Vancouver raccoon attack prompts warnings
An attack on a woman in Vancouver's West End has experts warning people about getting too close to urban wildlife.
The unidentified woman was bitten repeatedly by a raccoon in August while walking her dog, after she tried to intervene when the two animals began to fight.
She was hospitalized but is now recovering.
Her injuries serve as a reminder of just how dangerous those animals can be, according to Stanley Park conservation manager Robyn Worcester.
"Raccoons in the park do follow people and look for handouts and they do bite people on a regular basis," Worcester told CBC News.
Stanley Park is located in the city's heavily populated West End.
"Unfortunately some of the people who get bitten are tourists," Worcester said. "They see these cute, fluffy, panda bear-looking things and they're tame, they come up to you, and that's when people get bitten."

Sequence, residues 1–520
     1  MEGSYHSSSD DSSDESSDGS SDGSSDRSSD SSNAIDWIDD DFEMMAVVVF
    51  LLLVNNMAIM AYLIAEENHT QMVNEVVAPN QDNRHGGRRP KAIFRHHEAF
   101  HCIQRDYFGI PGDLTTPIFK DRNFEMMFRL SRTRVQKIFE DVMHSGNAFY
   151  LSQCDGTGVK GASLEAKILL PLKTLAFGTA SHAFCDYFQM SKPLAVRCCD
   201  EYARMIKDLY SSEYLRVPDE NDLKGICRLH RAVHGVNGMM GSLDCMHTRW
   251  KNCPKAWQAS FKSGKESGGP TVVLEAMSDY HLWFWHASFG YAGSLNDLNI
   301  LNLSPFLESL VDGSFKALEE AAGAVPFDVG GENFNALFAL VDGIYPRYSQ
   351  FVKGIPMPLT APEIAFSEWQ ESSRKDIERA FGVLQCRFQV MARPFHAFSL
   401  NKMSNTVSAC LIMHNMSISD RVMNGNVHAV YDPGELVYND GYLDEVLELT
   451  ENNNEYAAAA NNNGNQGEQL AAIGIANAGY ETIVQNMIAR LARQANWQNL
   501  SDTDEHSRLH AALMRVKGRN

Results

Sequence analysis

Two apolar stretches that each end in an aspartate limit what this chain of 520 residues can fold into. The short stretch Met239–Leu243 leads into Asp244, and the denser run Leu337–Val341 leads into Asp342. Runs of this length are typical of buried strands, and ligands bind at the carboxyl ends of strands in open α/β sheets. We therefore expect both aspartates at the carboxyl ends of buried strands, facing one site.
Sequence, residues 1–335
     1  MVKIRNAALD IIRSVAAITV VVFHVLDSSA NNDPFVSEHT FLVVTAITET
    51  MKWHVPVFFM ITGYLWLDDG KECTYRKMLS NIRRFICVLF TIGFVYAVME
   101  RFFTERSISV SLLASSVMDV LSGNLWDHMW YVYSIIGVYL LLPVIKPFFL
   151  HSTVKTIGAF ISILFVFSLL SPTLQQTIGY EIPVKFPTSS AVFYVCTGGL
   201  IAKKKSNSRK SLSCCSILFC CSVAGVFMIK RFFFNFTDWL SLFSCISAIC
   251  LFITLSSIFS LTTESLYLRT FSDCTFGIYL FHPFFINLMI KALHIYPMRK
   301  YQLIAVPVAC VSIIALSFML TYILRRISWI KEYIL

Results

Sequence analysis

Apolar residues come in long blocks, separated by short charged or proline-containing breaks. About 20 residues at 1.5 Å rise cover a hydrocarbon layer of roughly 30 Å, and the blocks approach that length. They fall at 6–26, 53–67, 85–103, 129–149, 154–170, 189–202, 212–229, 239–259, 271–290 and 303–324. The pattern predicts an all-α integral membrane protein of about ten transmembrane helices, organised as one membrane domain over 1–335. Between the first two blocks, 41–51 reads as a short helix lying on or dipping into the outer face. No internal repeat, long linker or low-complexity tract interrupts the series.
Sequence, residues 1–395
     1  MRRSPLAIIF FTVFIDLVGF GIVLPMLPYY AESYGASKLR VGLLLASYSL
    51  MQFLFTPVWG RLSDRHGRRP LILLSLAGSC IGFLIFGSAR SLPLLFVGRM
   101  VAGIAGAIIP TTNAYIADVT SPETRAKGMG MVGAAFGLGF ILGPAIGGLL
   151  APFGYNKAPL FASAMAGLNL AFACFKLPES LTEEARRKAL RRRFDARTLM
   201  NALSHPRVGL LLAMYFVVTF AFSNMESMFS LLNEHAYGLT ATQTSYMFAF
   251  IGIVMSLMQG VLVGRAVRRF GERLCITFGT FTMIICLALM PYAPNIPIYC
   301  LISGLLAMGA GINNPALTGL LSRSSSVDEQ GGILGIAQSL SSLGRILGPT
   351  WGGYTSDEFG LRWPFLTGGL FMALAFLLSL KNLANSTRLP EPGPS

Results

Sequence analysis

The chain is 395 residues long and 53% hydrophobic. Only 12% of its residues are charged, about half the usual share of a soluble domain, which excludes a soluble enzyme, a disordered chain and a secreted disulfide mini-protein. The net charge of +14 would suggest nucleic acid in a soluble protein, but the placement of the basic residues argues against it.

Raccoons are included among the top four pest complaints, according to Peter Steinfort, owner of Care Pest and Wildlife Control.
"Damage is probably one of the most major complaints," said Steinfort.
Raccoons can get into sheds, home crawlspaces and attics to nest.
Can attack children
"They are also known to go after small pets and in some extreme cases, small children if they feel threatened in any way," said Steinfort.
He said he believes raccoon numbers are on the rise and Worcester estimated there were hundreds living in the city.
The animals usually prefer to run from trouble and will only get aggressive if they're cornered or protecting their young. But with more raccoons around, confrontations are more likely.
Residents are urged not to feed raccoons, not to leave fruit or other food lying around their property and not to provide shelter for them.